WL advisory boards will see extensive turnover
Examine the ranks of any West Linn City Council — past or present — and it's likely that the majority of its members started their political careers volunteering on one of the City's 11 Citizen Advisory Groups.
The groups, which cover everything from economic development to sustainability, parks and transportation, are each comprised of seven members (save for the Citizen's Budget Committee, which has 10) and generally meet once or twice a month. As the City website states, "It's the best way to effect real change in the city," and with 2018 coming to a close there are a total of 28 seats up for grabs.
West Linn is currently accepting applications for each of these seats, which are filled by the mayor with approval from the City Council. If you're wondering what it takes to serve on a given board, the Tidings spoke to a number of staff and board members about what to expect.
Citizens' Budget Committee
Three seats will open on this board come 2019, and its makeup differs from all other advisory groups.
The CBC has a total of 10 members — five citizens and all five members of the City Council. It also meets far less regularly, with the majority of its work hours jammed into a two-month period every other year as the City prepares to adopt a new biennial budget.
"In odd years (2019), members can expect to work primarily in April and May as they review and react to the City's draft biennial budget," CBC member Todd Jones said. "This likely will include 3-4 meetings of 2-3 hours each, and another 4-10 hours of study outside of these meetings. These are rough estimates … each member's approach to their responsibilities is different."
The budget committee is also responsible for evaluating applications for the City's Community Grant Program, which doles out around $25,000 each fiscal year to an array of nonprofit organizations.
"This likely will include one live meeting of two hours, 1-2 virtual meetings of about an hour each and 2-3 hours of outside study," Jones said.
Committee for Citizen Involvement
It was an incredibly busy year for the CCI, which held a total of 40 meetings, according to staff liaison John Boyd.
The committee, which has three openings heading into 2019, was continuing an "intensive review" of the City's land use process that began in 2017. The City Council reviewed the CCI's findings and recommendations earlier this year.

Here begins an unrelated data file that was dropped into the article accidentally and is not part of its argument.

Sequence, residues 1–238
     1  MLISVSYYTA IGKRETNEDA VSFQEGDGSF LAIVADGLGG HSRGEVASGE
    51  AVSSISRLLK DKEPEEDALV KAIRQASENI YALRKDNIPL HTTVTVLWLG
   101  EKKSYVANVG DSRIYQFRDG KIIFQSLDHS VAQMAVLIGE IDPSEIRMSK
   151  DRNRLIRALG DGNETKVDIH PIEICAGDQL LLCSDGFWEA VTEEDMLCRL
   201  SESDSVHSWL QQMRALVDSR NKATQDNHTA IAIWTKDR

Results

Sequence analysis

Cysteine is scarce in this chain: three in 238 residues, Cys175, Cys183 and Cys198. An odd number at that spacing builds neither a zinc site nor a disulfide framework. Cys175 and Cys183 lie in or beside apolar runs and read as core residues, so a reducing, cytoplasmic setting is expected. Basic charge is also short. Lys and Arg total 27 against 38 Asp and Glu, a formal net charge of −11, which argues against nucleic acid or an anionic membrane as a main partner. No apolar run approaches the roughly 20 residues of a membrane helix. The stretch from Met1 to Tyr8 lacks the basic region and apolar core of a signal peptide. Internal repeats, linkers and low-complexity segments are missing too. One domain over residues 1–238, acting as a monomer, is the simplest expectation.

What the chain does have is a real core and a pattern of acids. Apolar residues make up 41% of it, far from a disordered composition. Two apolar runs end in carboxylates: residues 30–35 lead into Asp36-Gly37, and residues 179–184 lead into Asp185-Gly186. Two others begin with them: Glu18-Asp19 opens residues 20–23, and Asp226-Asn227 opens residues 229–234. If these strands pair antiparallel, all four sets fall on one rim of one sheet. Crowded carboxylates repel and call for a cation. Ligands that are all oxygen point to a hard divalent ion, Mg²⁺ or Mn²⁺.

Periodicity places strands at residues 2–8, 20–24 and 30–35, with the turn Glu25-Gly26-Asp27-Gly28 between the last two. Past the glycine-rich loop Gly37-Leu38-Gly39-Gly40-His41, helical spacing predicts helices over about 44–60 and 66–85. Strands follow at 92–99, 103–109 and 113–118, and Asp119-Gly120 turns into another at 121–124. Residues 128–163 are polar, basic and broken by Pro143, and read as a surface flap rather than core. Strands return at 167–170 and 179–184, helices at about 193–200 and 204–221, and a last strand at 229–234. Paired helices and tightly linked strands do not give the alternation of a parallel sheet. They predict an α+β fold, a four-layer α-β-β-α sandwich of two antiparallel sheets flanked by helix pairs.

In Boyd's mind, a new year with fresh voices could be a good time for the CCI to "reset."
"(The land use policy review) is a project the council really feels strongly about, and some members have found it to be taking a long time and kind of outside their knowledge base … they just felt taxed," Boyd said. "They tried to hang in there, and some have chosen to move on.
"Sort of the challenge is, 'What's the focus of the CCI?'"
According to the City website, the CCI is intended to "serve as a watchdog and advocate for citizen involvement." Two members are from the City Council, and two more are from the planning commission and a neighborhood association. There is also a business representative, and two "citizen at large" positions that are open for 2019.
Economic Development Committee
The EDC has four vacancies for 2019. As the City website states, the committee "functions to bridge the gap between the business community and the City, and works in close partnership with the West Linn Chamber of Commerce, neighborhood associations and the general public."
Most recently, the EDC's work prompted a series of changes to the Willamette Neighborhood Mixed-Use Transitional Zone that were intended to make it easier for businesses to come into the Historic Willamette district.
Historic Review Board
The HRB is one of two advisory groups that is identified as a "quasi-judicial body," which means that it has powers similar to that of a judge and must base its decisions strictly upon applicable laws.
The board, which has two vacancies, is responsible for reviewing and conducting public hearings on development projects that take place in the Willamette Historic District, the Willamette Falls Drive Commercial District and any local landmarks in any part of the city. It also reviews amendments to the City's Community Development Code that relate to historic properties.
The City website states that members "shall have a demonstrated interest, knowledge or competence in historic preservation and, to the extent possible, in one of the following fields: archaeology, architecture, building construction, history, landscape architecture, law, local history, real estate or urban planning. If possible, at least one member shall be an architect experienced in historic preservation."
Member Danny Schreiber says the HRB's workload can be unpredictable.
"Since the HRB responds to the planning department, it all depends on what applications have been filed," he said. "When there is an application, the city staff sends a nice report with all of the needed information and supporting documents. It requires you to read through the information prior to the meeting and understand what the applicant is seeking as well as which city codes apply to the application."